Color, 1976, 76m.
Directed by Charles Nizet
Starring Bill Greer, Deedy Peters, Lynne Marta, Jim Dean, Pierre Agostino
Code Red (US R0 NTSC) / (1.78:1) (16:9)

Color, 1975, 88m.
Directed by Amando de Ossorio
Starring Julián Mateos, Marián Salgado, Fernando Sancho, Lone Fleming, Ángel del Pozo
Code Red (US R0 NTSC) / WS (1.78:1) (16:9)

Help Me I'm PossessedThis double feature of 1970s drive-in horror obscurities revolves around the theme of possession courtesy of two films made in the aftermath of The Exorcist, though only one of them really marches directly in Linda Blair's head-spinning footsteps. First up is the amusingly titled Help Me... I'm Possessed, which is covered on its Blu-ray release over here. The second feature, a Help Me I'm PossessedSpanish Exorcist rip-off from none other than director Amando de Ossorio, the man behind the four Blind Dead classics as well as The Loreley's Grasp, The Night of the Sorcerers, and The Sea Serpent. Also released on both VHS and into theaters as The Possessed, Demon Witch Child was released the same year as the last Blind Dead film (Night of the Seagulls) and manages to copy a few highlights from the Friedkin hit (especially the ridiculous profanity and the bedroom levitation, here moved near the beginning of the film) while dropping the whole God vs. Satan and sexualized aspects of most of the copycats. Here the source of evil is an old gypsy witch who's kidnapped a child as a sacrificial offering. The locals can't pry the location of the missing kid and threaten her with a dose of sodium pentathol, which sends the witch hurling herself out a window to a bloody death below. However, her curse continues when Susan (Salgado, Spanish dubber of Linda Blair in The Exorcist), the young daughter of the main interrogator, gets stuck with a supernatural necklace that causes the witch's spirit to enter her and start doing all sorts of terrible things. Sometimes Susan turns into a mini-hHelp Me I'm Possessedag running around killing people, and people in her house are terrorized when objects start flying around the bedroom. Can the local priest (Cold Eyes of Fear's Mateos) put a stop to her reign of terror in time to save her soul?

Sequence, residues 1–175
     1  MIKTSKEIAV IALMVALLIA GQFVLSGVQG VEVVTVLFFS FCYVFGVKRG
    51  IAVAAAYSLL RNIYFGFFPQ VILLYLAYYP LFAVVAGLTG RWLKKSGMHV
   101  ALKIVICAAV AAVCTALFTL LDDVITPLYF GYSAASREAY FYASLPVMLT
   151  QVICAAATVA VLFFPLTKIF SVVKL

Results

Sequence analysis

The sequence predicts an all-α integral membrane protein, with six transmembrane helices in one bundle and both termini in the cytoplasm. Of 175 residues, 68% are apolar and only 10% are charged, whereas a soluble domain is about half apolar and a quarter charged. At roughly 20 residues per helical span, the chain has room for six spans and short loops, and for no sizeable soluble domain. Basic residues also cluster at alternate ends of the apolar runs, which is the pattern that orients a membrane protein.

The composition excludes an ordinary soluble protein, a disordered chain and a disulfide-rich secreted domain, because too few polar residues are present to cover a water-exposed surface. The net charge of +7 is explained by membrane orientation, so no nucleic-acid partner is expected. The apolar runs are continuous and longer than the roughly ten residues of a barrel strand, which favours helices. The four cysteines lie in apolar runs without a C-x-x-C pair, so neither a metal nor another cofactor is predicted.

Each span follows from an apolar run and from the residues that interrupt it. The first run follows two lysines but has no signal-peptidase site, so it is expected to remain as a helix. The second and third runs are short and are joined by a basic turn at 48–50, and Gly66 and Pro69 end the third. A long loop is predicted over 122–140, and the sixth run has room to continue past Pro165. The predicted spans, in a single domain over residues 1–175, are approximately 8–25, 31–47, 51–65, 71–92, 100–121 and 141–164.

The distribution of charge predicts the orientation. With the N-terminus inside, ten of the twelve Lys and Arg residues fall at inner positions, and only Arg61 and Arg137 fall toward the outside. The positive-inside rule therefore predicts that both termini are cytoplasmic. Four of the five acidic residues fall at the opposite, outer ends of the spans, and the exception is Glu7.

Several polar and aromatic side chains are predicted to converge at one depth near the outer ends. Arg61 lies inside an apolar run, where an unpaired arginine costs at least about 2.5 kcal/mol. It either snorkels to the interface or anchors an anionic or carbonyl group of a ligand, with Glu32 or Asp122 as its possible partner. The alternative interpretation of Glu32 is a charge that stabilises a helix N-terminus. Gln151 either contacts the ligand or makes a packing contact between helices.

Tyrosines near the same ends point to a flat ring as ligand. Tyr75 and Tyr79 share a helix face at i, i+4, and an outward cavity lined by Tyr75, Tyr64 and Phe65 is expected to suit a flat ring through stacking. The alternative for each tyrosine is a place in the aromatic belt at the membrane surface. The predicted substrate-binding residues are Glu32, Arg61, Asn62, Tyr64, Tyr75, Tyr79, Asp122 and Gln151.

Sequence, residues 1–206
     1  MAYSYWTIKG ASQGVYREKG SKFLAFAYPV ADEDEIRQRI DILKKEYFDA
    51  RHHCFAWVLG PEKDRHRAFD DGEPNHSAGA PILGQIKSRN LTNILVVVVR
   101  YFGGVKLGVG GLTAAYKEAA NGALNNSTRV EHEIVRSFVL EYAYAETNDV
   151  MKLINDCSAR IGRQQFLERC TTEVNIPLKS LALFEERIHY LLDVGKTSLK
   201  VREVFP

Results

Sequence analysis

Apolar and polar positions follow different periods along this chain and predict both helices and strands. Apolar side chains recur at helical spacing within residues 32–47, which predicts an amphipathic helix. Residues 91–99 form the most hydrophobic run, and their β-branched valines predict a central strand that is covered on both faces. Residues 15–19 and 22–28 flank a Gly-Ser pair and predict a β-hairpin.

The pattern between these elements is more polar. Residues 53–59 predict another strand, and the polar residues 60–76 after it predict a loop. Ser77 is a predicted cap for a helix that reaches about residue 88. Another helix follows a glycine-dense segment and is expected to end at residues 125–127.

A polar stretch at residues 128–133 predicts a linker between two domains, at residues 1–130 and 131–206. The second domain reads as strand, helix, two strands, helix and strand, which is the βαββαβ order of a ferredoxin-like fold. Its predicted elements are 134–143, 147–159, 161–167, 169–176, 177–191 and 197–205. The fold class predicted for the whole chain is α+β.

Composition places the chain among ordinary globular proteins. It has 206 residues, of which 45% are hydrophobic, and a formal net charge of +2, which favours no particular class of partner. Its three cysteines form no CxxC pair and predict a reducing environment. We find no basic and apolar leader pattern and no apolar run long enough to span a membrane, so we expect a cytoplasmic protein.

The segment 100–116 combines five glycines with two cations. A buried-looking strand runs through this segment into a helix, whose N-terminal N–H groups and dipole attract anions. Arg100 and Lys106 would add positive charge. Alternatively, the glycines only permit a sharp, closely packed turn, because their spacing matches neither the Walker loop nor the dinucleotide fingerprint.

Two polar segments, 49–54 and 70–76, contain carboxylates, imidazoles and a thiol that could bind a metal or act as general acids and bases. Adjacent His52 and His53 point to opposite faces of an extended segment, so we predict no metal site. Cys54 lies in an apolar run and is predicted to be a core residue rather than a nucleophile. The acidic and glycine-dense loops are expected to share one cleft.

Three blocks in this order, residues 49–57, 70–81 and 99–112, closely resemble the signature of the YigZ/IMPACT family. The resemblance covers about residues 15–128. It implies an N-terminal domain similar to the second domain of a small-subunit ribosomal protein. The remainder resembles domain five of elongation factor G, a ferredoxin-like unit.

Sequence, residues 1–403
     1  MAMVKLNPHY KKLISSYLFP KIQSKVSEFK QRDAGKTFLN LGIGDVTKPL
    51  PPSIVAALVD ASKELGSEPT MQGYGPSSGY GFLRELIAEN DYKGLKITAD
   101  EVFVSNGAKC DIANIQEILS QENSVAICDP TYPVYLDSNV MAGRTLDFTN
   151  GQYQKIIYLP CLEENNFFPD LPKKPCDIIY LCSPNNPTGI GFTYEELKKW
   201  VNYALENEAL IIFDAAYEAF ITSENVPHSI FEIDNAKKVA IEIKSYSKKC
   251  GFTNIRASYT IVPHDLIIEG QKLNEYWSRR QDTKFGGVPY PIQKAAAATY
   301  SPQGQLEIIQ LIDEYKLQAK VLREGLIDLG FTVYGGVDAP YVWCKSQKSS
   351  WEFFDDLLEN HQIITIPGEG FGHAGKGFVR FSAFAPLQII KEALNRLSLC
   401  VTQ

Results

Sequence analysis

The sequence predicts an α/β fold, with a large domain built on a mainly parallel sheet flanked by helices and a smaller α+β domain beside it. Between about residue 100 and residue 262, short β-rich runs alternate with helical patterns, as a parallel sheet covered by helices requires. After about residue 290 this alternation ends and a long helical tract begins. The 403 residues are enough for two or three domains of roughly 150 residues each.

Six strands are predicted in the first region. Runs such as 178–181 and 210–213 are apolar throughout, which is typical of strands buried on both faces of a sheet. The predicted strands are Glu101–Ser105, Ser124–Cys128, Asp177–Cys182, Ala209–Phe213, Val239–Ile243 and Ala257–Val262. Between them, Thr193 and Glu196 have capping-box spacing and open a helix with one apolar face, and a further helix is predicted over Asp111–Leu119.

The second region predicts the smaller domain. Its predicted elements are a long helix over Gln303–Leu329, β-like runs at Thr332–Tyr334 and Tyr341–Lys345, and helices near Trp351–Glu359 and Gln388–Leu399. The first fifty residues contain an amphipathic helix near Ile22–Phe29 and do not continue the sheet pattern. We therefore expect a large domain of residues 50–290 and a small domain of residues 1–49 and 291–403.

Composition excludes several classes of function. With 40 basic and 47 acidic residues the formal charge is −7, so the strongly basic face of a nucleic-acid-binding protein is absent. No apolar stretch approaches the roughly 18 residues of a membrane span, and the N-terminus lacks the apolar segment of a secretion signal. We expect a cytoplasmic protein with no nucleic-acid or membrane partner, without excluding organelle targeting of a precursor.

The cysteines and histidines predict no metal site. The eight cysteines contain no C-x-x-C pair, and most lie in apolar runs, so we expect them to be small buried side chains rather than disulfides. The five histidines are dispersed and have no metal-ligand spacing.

Despite a truly awful English dub track, Demon Witch Child boasts a handful of memorably grotesque horror sequences that truly come out of left field. No age group is safe at any time, and adult males get some of the nastiest treatment herHelp Me I'm Possessede including a castration gag that probably cleared out more than a few viewers at the time. There's also a creepy, surreal highlights with Susan clambering face first down the side of a building and attacking victims in a park by leaping out of the bushes, made all the more unsettling by Salgado's nasty old age makeup. The whole priest angle doesn't really make sense given the nature of the story (unless it's saying that gypsies are emissaries of Satan), but it does lead to an unexpectedly downbeat finale that shares more than a few similarities to The Night Child.

A fairly regular item on VHS from a number of below-the-radar labels (including one with great cover art), Demon Witch Child popped up on a few gray market compilations as well from the same early '80s video master. The Code Red version is obviously a much newer transfer from what appears to be a 35mm print that also passed through its share of projectors, but despite its ragged appearance at times, it's still better than what we had before. As usual this is the English dubbed version, which doesn't appear to have been trimmed in its journey from Spain to America. Thankfully all of the ridiculous profanity is kept intact, with Salgado hurling a few casual epithets at the priest that would've gotten Brett Ratner kicked out of Hollywood for good. Also included are "demonic" trailers for Seeds of Evil, Devil's Express, Heated Vengeance, House of Insane Women, and The Vampires' Night Orgy.

Reviewed on March 17, 2013.